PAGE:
Four riders, 3,600 mile trip, 4 Packtalks
My friends and I have been using Bluetooth helmet communicators for at least five years starting out with the first release of the UClear, through earlier Sena devices, the Sena 20S and finally the ScalaRider PackTalk. We consider ourselves "power users" because we try to master and use every feature that they offer.
Summary: The PackTalk is the best Bluetooth helmet communication device we've ever tried. Not perfect, but really, really, really good
First, as everyone has posted all over the Internet, the manual kind-of stinks. It's about 17 pages (the English Version) but really doesn't help a new user get started. Fortunately, a user with 5 PackTalk units has posted Youtube videos showing the basics. These were very helpful. Go to Youtube and search for MotoGeek Freak. You'll find his instructions. They're extremely helpful.
Mounting is a snap, even onto a Schuberth C3. Instead of using the double-sided tape, I clamped the mount to the helmet using the supplied clamping device. Then, routed the collar-retaining wire around the clamp. It still retains the collar just fine.
By myself, I first tried the FM radio. I could receive any FM station in my area with total clarity. I'm in a suburb of Dallas, not anywhere near the FM station transmitting sites. Happy with the FM radio.
Then, one of my friends brought his new PackTalk over and we got down to the nitty gritty. Didn't even try the normal intercom connecting scheme; but went straight to DMC mode and did the PackTalk connection using the iPhone to do all the controlling. Took a couple of tries, but in about 3 minutes, we had our two devices communicating in DMC mode. A few days later, the 3rd in our planned trip group came over and we connected HIS into the same PackTalk group. Now we had 3 out of the 4 of us connected in DMC mode.
On the first day of our 3,600 mile trip, we met rider #4 on the west side of Ft Worth. Again, it took a couple of tries to invite and join, but when it did, the four of us could communicate. We communicated every day for 12 days of riding throughout the midwest and all the way to Las Vegas, Nevada, Utah, Colorado, New Mexico, and home.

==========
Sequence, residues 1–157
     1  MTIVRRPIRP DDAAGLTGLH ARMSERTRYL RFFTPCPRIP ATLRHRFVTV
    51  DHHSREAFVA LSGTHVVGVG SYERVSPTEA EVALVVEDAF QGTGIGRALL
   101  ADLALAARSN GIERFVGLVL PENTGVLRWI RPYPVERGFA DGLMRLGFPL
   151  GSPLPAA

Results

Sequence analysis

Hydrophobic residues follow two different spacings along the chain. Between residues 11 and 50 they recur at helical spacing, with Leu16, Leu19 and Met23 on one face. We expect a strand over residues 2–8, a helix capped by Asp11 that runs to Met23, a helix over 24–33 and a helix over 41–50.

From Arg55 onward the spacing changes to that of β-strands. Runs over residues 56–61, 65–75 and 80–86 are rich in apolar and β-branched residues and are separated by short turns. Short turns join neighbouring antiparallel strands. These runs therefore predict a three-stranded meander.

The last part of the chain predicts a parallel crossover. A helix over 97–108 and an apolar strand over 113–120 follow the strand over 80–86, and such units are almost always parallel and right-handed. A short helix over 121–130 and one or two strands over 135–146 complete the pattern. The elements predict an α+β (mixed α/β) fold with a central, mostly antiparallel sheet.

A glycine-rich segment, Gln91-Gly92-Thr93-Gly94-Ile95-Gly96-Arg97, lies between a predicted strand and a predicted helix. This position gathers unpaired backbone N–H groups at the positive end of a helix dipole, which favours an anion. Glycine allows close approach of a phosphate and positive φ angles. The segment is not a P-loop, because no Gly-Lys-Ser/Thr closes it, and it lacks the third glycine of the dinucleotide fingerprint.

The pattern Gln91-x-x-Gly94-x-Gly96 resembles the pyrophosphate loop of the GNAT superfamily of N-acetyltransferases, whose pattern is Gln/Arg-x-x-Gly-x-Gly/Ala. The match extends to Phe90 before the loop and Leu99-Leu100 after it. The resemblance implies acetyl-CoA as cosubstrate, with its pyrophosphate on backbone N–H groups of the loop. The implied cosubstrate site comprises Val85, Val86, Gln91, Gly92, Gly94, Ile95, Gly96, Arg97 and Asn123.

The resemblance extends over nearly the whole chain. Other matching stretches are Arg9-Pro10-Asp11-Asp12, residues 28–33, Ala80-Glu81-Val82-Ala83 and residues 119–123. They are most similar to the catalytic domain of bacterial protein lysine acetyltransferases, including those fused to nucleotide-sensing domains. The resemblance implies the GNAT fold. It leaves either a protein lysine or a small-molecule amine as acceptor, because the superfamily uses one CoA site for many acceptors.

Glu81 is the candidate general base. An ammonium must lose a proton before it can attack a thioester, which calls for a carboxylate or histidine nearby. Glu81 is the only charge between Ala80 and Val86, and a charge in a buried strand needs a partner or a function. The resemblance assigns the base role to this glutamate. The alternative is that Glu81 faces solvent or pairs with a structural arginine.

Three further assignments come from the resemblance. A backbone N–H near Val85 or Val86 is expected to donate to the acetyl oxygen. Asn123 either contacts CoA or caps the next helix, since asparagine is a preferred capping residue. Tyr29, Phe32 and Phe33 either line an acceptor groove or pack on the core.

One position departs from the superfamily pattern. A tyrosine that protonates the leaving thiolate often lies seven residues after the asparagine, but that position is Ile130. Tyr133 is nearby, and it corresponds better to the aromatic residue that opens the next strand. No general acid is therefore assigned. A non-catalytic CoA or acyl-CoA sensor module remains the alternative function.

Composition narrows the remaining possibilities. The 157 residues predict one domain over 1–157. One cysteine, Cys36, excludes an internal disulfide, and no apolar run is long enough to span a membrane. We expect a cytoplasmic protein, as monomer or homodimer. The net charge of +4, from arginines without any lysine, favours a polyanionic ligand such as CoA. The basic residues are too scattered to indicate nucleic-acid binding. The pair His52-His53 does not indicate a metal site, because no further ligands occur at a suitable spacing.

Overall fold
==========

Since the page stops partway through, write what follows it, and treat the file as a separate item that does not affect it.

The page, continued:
The DMC mode worked flawlessly for the four of us. Each night, we charged our devices and the next day they were ready for the ride. Our rides were between 6 and 10 hours per day. My PackTalk lady would alert me to low battery before the others at about 8 hours. The others could get 9 to 10 hours each on theirs. It may be that mine got poorer battery life because I was the group originator. Or it could be that I had FM radio on almost all the time. On three of the days, I charged the unit while riding. On one day in Las Cruces, I snuffed up the charge while we ate lunch at a Subway; on that day my unit stayed charged for the duration.
One note about battery life:
The PackTalk lady alerts of low at about 35% remaining. The unit will continue to work for up to 2 hours after the first alert. About every 15 minutes or so, a two-tone beep reminds that the battery level is low. The other indication is that all audio volume begins to decrease as the unit nears no charge left. But the unit was still useable . . . . just very low volumes. I never ran my all the way to empty.
The audio quality is superb. There was absolutely no noise, static, popcorn, drumbeat or anything else during lulls in our conversations. This is so unlike our previous Bluetooth units from another manufacturer.
They say the all of the microphones are "hot" all the time in DMC mode. WELL, you cannot tell it! There must be some kind of audio squelch built into the receiving ends because you could hear the audio open up when someone spoke; and close back down a second after the last syllable spoken. This was very nice.